I just believe we have to be everywhere. I don't think that there is one really great channel that everyone prefers. And I wish that we could find that, again, that special golden channel that everyone thought was the most convenient. For me, I have to say that finding a technology partner, a software solution that helps streamline that process, because you do have to be on so many different channels. And getting that message out in as many ways as possible. I think, the more streamlined, we can make it for communication professionals, the more successful we'll be, because, you know, oftentimes, and you know, how it is comms teams are small, they're not the typically the large parts of your organization, and you have to do a lot with less. And so I think that finding that right tech solution, that right partner in helping streamline those messages and identifying what channels really do matter to your people. For example, when I was in the finance industry, we've worked a lot with loan originators, loan originators, are never sitting down at their computers, they're not sitting at a desk, they're on their phones, they're out and about, they're going around and drumming up business. So whatever we did to them, we had to make mobile friendly, you know, we had to make sure it was optimized, and that they weren't getting error messages, and that it was quick and easy, or that they did get push notifications on their phone when it was something really, really critical. But then also balancing that with not inundating them with push notifications, because it too much noise. I mean, too many just becomes noise. And then people don't pay attention to that either. So I think it's important to identify sort of priority levels of communications, what what escalates to a push notification versus just an email that if they see it great if they don't, or on the Internet, or a banner on your homepage? Or? Or is it important enough to engage with your video production team and do a whole thing you know, you have to, you have to be kind of savvy when it comes to that and really figure that out for yourself and know your and that comes down to knowing your audience. And that's really the biggest key is knowing who they are and how they like to receive their messages. And the bigger the organization, the more channels that's going to be. And so again, that tech partner is super important.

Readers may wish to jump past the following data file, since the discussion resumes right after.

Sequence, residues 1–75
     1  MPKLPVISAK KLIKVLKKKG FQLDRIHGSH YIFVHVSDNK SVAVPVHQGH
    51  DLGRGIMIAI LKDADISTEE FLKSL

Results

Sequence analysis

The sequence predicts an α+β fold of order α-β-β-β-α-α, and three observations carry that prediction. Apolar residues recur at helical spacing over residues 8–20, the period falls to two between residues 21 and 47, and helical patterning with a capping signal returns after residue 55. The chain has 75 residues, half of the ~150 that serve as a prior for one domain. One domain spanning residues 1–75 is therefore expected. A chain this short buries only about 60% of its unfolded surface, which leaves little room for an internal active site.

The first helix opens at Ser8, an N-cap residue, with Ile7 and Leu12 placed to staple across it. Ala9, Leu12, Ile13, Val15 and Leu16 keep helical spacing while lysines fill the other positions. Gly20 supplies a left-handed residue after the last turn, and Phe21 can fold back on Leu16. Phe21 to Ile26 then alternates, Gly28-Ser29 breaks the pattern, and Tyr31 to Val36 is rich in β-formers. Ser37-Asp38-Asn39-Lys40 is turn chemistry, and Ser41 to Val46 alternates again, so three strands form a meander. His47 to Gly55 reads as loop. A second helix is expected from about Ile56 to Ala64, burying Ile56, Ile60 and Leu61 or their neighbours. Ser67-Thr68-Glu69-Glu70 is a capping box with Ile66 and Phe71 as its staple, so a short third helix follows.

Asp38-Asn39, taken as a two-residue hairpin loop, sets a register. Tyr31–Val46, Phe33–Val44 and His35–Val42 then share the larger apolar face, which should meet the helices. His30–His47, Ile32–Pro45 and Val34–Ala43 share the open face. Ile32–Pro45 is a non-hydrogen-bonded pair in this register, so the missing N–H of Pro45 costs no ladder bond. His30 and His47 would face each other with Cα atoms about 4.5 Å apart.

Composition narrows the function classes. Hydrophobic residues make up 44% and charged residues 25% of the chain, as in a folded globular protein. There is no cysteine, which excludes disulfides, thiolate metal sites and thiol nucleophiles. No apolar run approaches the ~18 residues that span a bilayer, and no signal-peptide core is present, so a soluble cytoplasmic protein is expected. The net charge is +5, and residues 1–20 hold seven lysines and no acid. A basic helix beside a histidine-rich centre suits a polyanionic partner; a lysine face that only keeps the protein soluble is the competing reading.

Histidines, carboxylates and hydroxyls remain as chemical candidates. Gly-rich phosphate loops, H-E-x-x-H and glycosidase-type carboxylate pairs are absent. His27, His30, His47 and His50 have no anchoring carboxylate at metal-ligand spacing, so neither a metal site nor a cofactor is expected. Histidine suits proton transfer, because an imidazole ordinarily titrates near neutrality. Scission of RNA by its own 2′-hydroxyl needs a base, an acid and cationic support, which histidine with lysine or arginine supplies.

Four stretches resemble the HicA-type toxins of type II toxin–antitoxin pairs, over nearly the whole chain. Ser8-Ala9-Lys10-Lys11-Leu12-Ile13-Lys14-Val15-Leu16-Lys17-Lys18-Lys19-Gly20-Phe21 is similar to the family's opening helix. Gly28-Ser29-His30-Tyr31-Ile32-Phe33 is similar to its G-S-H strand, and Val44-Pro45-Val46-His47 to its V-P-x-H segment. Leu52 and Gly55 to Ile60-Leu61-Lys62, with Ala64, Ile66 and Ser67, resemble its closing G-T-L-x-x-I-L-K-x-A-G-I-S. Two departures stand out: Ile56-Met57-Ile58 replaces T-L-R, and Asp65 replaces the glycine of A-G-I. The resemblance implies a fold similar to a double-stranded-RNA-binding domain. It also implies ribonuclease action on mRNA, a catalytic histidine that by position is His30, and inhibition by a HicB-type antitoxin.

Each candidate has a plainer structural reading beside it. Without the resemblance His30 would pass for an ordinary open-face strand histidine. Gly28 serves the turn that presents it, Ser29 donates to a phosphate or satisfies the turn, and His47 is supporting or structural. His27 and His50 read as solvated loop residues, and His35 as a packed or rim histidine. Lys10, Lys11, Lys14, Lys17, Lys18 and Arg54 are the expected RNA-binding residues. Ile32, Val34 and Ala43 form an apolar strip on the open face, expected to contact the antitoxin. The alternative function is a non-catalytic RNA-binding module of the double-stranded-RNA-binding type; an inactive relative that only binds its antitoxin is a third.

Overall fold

Deborah Speed 19:04 

Yeah, definitely. And getting those. The only way you can really know where people want to receive content is, you know, by having the analytics, so that's becoming more and more important. Otherwise, you're just you know, or you're using multiple different channels, built in analytics, trying to get a clearer picture of what's happening, but you just can't. Unless you're going to spend hours and hours piecing it all together. It's really similar on the marketing front to right. So the analytics are super critical these days to getting the picture of what people like and their preferences for receiving communications. Yes, and that's where 

Julie Ford 19:39 

Having that right partner is really important, someone who has a product team that listens to their clients and that you can help influence how those products are being developed. I think that that was critical and key to the success that we had in improving in Korea. Seeing our employee engagement at the last position that I was in? Yeah. 

Deborah Speed 20:05